Rankin: Mission creep in our schools
What’s the fundamental mission of K-12 education? It’s to offer students essential information and knowledge free of charge. At its very basic level, it’s reading, writing, and arithmetic.
Questions arise. Who makes the decisions and provides the money necessary to carry out the mission? Does this come from the federal government or state government? And who makes the decisions?
Checking with the United States Constitution, always an interesting beginning point, we find that the federal government has no control over education. The responsibility for educating our K-12 students rests with the states.
And in Colorado, because of “local control,” that responsibility is more directly with the districts and local schools. The federal government, through the legislative process, may provide money to the states and schools through grants; however, this money is only to supplement, not replace local programs. There are no unfunded federal education “mandates.”
Every federal education law leaves it up to the state and schools to accept the funding. Any state that does not want to abide by a federal program’s requirements can choose not to accept the associated program’s funding. While many states, including Colorado, decide to receive funding, as we do through the Every Student Succeeds Act, a few states have decided not to accept any federal funding. Most of the financing, therefore, comes from the states and local government. In Colorado, the curriculum is determined by the local school districts.
So how do local control, funding, and the fundamental mission of reading, writing, and arithmetic intersect? An interesting article in The New York Times stated, “FORGET for the moment why Johnny can’t read. Consider instead why Johnny can’t tell right from wrong.” In other words, should we first be teaching moral values and bring this into the school curriculum? Or does this open up a whole new realm of consideration about what should be taught at school?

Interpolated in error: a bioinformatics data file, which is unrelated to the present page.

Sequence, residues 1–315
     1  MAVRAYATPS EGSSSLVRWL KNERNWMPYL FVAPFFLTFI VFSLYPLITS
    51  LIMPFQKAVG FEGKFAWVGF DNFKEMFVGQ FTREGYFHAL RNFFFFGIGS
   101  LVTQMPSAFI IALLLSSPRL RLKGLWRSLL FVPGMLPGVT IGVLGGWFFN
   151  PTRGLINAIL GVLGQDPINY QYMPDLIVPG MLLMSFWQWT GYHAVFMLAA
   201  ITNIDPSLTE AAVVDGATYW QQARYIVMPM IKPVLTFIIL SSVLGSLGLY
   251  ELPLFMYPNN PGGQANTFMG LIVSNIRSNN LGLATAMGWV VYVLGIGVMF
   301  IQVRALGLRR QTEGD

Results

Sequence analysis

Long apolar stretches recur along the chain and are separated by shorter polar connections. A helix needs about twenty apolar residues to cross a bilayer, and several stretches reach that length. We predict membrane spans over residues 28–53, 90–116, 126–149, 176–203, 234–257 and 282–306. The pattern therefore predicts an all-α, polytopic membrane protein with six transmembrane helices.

Over the years, we’ve seen “mission creep” or other curricula interjected into the school districts. Some of these include media literacy, social-emotional learning, active shooter drills, mental health training, suicide prevention, sex education, bullying, cultural knowledge, to name a few. Many new programs also have grant money attached, which can make them more desirable.
So, as a taxpayer and community member, is it any wonder why our third graders aren’t all reading at grade level? Could it be that our teachers are overwhelmed with other programs that have distracted them from their fundamental mission; reading, writing, and arithmetic?
It continues to be an honor to serve on the State Board of Education. Thank you and have a safe and Merry Christmas!
Joyce Rankin is on the State Board of Education representing the 3rd Congressional District. She writes the monthly column Across the Street to share with constituents in the 29 counties she represents. The Department of Education, where the State Board of Education meets, is located across the street from the Capitol.
Thanks to a partnership between The Community Market and Colorado Mountain College Vail Valley, students can now access nutritious food at no cost to them without having to leave campus.